It’s not every day I give an art exhibition a G rating, no less a Serpentine Gallery exhibition, known for its esoteric shows with a strong adult nature. But the launch last year of the Serpentine Sackler, a sister gallery in Hyde Park, seems to have given the august London institution a new lease on life.

Kids, I am told, are welcome to observe and even interact with the art at the Sackler’s Julio Le Parc retrospective, open now through February 15. “The ideal spectator is the most free, most open, least conditioned,” Le Parc says of the current installation. “The most important thing for me is that brief moment of interconnection.” When some of these works appeared last year at the Palais de Tokyo in Paris, Le Parc spoke of his disdain for passivity and ideological conditioning and his quest for a more reflective, analytical, creative viewer. You get the feeling he could think of nothing worse than a gallery full of sober aristocrats, hands clasped behind their backs.

The Sackler presents an entirely different experience. It’s free admission, though I would have lined up for tickets like a kid at a fairground, which is virtually what this show is. There’s a spinning wheel with Op Art stripes you can whirl as if you were a Price Is Right contestant; a dozen pairs of boldly colored glasses with visual effects created by mirrors around the lenses; a wobbly floor with a Space Hopper tethered over the center, taunting you to stagger up and punch it; a vibrating mirror; a pitching target cut in exaggerated silhouettes, or “myths.” These pieces date back to 1960s Paris, when Le Parc was creating work with fellow activists from the Parisian Groupe de Recherche d’Art Visuel (GRAV) that challenged the art establishment with its immersive installations.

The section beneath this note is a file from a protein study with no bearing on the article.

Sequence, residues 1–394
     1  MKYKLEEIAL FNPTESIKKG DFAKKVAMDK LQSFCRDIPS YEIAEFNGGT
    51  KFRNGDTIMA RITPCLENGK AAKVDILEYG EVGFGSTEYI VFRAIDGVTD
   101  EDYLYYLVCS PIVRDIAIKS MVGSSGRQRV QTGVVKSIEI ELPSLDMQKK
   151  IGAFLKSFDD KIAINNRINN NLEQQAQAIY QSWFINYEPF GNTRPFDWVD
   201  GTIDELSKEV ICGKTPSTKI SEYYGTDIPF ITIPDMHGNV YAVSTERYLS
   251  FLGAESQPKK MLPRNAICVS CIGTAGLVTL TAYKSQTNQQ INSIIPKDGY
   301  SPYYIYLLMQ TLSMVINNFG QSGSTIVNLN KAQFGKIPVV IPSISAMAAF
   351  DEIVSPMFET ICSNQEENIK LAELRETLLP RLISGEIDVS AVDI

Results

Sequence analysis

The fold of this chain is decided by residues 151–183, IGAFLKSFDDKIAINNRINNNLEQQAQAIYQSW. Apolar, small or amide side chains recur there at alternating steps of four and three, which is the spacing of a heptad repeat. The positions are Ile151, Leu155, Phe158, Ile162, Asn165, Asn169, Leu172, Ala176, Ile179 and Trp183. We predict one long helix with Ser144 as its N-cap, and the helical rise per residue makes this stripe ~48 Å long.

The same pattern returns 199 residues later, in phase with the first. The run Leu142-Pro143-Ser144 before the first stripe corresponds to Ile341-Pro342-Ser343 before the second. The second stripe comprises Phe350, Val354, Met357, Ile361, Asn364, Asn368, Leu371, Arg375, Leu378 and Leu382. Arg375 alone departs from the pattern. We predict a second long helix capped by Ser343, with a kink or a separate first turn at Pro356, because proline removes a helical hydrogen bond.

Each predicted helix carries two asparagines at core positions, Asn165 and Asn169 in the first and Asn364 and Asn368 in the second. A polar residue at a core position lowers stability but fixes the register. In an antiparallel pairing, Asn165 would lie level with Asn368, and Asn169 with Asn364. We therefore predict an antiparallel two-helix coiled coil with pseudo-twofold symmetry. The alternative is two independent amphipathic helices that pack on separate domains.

Ever since, the 86-year-old Argentine has been concerned with the artist’s role in engaging the public. Through this interactivity, the viewer learns to think with a broader perspective, discover new ways of interacting with the wider world, to see the “we” before the “me.” It’s no wonder Le Parc wants to get ’em while they’re young.

Le Parc’s light installations are crowd-pleasing too, in a different way. Composed between the ‘60s and ‘90s and updated throughout the artist’s career, they alter the perception of space, depth, and time, creating moving volumes that vanish (literally) in a flash. And in the era of the camera phone they take on new meaning, presenting themselves in the captured image not as you might have remembered, but more like a ghost in a mirror.

Not far from “Jeu Enquête,” a room of hanging punching bags of the kind you’d find in a bouncy castle (each painted with a different uniformed officer), is “Lumière Verticale Visualisée,” in which vertical mirrors hang in place of the punching bags. As you walk through this mirrored maze the surfaces reflect strobe lights in all directions. It’s a journey—not quite the same as punching out a police officer in the next room, but it shakes you up before spitting you out the other end. And that, essentially, is what this art game is all about.